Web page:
Beacock Music founder killed in cycling accident

He was hit by a passing log truck on the Oregon Coast

By John Branton, Columbian Staff Reporter

Published:

 

Video interview

Watch an interview Dale Beacock gave in 2008 to the National Association of Music Merchants Oral History Program.

Dale Beacock, a longtime musician and founder of Beacock Music, died late Thursday morning after being struck by a log truck’s trailer while riding his bicycle on Highway 101 north of Garibaldi, Ore.

About 11:50 a.m., Beacock, 81, was riding south near Milepost 54, when his bike swerved into the southbound lane and was struck by the trailer of the loaded log truck as it passed him, according to a bulletin from the Oregon State Police.

It wasn’t known why he swerved, the bulletin said.

Beacock was pronounced dead at the scene.

He’d been riding with his son,

Russ Beacock, 47, who was not reported injured.

The elder Beacock was an experienced bicyclist and wore a helmet, the bulletin said.

Russ Beacock and his sister, Gayle Beacock, are co-owners of the Beacock Music store in east Vancouver, a family member said.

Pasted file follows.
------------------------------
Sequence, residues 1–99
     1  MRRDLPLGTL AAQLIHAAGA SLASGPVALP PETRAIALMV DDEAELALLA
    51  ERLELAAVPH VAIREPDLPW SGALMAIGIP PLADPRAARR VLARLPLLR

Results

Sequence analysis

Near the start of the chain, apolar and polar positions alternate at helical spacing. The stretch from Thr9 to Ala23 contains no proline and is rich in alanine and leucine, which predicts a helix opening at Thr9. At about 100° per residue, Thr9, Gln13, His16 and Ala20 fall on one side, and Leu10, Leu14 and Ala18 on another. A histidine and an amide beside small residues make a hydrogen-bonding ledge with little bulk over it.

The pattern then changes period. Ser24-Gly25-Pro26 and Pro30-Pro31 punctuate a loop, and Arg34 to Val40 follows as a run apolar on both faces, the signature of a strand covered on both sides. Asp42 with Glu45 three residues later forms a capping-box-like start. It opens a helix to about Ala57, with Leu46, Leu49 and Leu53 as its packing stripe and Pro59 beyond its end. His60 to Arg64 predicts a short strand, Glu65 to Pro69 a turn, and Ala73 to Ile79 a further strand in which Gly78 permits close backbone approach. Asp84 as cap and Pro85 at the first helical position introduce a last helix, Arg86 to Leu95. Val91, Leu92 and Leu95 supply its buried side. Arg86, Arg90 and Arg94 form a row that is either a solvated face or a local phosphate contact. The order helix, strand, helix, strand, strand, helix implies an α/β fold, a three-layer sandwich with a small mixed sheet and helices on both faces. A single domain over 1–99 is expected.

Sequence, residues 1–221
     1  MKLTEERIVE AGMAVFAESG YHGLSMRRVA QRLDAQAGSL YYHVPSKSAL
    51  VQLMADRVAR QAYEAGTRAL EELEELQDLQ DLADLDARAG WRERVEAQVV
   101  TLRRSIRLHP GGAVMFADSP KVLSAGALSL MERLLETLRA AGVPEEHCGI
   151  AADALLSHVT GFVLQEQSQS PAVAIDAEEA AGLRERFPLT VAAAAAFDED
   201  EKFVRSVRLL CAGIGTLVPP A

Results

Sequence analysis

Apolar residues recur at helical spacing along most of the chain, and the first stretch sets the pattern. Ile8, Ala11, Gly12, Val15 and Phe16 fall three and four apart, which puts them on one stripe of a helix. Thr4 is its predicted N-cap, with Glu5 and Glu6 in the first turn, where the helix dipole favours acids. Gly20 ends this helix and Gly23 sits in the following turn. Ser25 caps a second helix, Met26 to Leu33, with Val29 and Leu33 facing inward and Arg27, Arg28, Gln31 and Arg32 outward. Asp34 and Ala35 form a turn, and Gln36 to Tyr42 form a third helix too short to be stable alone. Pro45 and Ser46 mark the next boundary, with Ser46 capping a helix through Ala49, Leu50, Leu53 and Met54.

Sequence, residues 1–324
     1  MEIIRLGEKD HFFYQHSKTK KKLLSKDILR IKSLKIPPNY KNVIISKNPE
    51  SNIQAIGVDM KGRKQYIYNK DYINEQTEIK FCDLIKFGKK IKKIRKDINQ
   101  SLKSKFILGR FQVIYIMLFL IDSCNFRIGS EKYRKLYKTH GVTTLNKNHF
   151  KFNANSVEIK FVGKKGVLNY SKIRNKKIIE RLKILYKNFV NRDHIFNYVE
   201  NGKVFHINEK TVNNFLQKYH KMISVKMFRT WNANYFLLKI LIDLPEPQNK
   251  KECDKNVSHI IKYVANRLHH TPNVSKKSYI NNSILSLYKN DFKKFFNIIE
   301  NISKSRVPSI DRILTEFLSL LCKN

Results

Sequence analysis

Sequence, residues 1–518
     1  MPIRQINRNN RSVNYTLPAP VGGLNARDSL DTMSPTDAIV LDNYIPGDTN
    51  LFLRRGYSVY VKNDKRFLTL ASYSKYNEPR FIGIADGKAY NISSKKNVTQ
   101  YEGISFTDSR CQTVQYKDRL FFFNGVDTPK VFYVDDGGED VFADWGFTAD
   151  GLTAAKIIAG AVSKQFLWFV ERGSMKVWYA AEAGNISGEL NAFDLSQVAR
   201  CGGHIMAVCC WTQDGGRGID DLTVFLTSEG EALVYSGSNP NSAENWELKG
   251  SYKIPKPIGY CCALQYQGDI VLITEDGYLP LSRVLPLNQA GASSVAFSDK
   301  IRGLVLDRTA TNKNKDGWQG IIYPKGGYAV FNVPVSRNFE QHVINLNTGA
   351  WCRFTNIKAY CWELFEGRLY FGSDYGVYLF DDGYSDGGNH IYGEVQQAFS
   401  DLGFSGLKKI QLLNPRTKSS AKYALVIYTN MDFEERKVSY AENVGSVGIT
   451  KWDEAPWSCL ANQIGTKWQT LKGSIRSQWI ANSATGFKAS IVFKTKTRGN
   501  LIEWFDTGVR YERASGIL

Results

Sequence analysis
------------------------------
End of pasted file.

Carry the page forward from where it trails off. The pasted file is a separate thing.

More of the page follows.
The log truck driver, Michael J. Hall, 65, of Bay City, Ore., stayed at the scene and was not reported injured.

The accident is under investigation by officers including an OSP collision reconstructionist.

Dale Beacock was featured in a Jan. 1, 2010, Bits ‘n’ Pieces story in The Columbian.

The article detailed how Beacock had played with a band on New Year’s Eve almost every year since he was in high school; the only exceptions were in the 1950s, when he was serving in the U.S. Navy.

In recent years, he’d been performing with a band at Mount Hood’s Timberline Lodge in Oregon. In 2010, he agreed to be part of New Year’s Eve festivities at Vancouver’s Luepke Center. He was director of the New Horizons jazz band, which performed there.

Music had long been center stage in Beacock’s life.

He played clarinet and saxophone with several bands that had regular gigs in Oregon. That’s in addition to weekly practices and special performances. Founded in 1976, his music store provided lessons to many Clark County musicians.

“It’s keeping me going and I find it exhilarating,” Beacock said in the 2010 article.

John Branton: 360-735-4513 or john.branton@columbian.com.